Lancashire (lăngˈkəshĭr, –shər) [key], county (1991 pop. 1,365,100), 1,878 sq mi (4,864 sq km), N England, on the Irish Sea. The historical county town is Lancaster, but the county's administrative offices are now in Preston. Administratively, the county is divided into the districts of West Lancashire, Chorley, South Ribble, Fylde, Preston, Wyre, Lancaster, Ribble Valley, Pendle, Burnley, Hyndburn, and Rossendale. Manchester and Liverpool, now administratively separate, were formerly the county's main cities.
Much of the county is lowland (the Lancashire plain) with occasional moors. The principal rivers are the Lune, the Wyre, and the Ribble. The coastline is low and broken by estuaries. Vegetables and dairy products are economically important, and market gardening is a major source of income near the Ribble estuary. Lancaster and Preston are industrial hubs. Lancashire in Anglo-Saxon times was part of the kingdom of Northumbria. In 1351 it was made a county palatine, and in 1399 the palatine rights were vested in the king. Lancashire's economic growth began in medieval times with the introduction of the woolen industry. The process was accelerated by the Industrial Revolution, and the population increased rapidly in the 19th and early 20th cent. In 1974, Lancashire was reorganized as a nonmetropolitan county.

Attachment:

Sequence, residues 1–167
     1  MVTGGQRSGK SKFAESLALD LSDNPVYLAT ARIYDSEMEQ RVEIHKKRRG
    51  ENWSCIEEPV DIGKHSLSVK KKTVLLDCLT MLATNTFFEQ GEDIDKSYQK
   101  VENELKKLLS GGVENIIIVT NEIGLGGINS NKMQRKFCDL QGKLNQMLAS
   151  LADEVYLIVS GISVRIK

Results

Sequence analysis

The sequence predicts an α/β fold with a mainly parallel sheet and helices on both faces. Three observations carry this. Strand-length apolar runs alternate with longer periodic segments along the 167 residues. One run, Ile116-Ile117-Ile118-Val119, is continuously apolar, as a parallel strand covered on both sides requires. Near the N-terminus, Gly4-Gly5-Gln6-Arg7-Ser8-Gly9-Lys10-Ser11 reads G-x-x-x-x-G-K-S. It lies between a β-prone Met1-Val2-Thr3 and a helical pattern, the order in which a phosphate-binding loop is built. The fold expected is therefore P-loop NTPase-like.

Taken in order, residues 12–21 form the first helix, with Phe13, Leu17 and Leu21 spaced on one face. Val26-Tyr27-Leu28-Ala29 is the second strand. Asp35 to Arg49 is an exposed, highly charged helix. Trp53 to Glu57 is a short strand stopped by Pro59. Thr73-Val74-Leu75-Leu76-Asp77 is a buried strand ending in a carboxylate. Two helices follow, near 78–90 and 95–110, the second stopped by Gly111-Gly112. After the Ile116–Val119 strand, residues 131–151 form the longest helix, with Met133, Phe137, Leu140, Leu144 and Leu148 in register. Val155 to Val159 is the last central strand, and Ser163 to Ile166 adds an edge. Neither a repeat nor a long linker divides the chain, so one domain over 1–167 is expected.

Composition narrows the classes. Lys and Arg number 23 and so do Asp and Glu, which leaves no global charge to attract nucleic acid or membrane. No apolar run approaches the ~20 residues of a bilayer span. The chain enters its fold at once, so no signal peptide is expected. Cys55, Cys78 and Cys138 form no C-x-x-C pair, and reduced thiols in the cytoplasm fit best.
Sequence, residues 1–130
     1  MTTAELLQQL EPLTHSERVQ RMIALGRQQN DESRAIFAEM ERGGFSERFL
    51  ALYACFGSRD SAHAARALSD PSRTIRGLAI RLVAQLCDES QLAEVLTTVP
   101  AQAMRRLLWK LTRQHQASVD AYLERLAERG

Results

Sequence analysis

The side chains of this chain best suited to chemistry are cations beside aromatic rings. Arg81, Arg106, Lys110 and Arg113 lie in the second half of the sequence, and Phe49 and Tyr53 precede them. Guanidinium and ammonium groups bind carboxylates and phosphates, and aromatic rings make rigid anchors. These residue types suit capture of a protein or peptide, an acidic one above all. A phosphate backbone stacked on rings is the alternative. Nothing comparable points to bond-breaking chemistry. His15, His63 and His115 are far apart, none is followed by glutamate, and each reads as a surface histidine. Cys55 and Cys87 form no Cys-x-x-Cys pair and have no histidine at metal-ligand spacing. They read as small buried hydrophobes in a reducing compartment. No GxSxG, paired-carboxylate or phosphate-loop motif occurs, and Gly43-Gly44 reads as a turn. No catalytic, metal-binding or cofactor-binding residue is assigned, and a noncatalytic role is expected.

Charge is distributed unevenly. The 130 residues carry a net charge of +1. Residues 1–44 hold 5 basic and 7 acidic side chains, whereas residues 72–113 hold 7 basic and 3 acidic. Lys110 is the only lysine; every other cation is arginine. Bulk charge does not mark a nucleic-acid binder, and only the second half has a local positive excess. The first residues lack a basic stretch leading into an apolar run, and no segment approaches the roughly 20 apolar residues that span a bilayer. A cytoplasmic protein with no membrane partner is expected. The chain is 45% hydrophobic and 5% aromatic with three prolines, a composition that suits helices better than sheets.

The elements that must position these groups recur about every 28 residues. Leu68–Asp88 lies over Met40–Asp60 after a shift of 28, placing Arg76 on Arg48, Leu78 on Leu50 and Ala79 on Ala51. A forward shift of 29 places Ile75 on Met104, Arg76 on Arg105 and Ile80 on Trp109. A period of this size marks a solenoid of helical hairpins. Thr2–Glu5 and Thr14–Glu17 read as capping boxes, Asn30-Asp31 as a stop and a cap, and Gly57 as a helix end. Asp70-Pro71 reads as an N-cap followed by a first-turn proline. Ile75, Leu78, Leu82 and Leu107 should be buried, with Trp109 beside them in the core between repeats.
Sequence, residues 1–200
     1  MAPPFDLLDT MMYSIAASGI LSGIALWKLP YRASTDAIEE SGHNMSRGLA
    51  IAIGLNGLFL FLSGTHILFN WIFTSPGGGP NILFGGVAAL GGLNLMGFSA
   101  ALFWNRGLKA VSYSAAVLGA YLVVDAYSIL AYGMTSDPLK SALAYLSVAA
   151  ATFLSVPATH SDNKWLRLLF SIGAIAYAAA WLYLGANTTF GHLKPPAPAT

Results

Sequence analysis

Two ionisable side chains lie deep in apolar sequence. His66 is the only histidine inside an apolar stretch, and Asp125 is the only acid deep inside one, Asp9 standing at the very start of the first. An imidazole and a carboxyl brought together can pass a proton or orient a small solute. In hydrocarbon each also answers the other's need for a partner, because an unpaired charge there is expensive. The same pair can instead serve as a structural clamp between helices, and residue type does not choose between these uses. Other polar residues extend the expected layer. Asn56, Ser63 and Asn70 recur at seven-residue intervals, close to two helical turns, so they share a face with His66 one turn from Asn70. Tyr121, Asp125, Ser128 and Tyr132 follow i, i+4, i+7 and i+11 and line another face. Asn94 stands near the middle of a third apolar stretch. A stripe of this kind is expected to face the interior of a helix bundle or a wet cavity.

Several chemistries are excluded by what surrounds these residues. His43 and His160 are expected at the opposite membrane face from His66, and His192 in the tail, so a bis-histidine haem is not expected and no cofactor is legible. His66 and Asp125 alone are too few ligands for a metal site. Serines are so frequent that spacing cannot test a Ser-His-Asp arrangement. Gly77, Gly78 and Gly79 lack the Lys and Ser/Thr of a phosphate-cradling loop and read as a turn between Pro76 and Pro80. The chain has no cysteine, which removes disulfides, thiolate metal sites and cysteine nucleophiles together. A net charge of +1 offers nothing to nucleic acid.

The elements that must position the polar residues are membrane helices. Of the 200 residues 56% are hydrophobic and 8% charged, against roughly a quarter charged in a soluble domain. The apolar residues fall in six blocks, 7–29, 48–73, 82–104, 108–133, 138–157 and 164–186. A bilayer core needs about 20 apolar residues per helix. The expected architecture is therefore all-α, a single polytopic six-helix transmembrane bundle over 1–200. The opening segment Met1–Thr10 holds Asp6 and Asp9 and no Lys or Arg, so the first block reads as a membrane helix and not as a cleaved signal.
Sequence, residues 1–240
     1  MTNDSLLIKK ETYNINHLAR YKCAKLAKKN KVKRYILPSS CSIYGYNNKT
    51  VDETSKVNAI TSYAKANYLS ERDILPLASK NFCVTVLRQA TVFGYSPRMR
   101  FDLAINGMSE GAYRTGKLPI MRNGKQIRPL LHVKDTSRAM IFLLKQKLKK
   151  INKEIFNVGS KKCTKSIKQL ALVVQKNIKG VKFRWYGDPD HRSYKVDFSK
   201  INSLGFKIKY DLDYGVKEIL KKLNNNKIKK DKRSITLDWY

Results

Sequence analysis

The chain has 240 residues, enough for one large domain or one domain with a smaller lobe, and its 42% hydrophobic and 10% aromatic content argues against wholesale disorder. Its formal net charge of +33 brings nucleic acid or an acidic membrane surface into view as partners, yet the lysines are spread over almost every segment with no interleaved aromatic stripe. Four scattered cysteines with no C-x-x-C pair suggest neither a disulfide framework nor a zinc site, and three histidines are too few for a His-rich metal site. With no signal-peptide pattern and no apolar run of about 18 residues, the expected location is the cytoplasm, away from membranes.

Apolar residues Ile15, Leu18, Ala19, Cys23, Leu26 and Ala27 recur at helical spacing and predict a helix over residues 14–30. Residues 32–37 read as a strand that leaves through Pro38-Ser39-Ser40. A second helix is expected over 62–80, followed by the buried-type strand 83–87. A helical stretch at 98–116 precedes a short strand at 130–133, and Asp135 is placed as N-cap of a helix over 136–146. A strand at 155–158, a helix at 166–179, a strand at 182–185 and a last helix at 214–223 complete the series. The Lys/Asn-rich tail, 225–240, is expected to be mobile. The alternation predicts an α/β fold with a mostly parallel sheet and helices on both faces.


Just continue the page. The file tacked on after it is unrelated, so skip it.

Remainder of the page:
The Columbia Electronic Encyclopedia, 6th ed. Copyright © 2012, Columbia University Press. All rights reserved.
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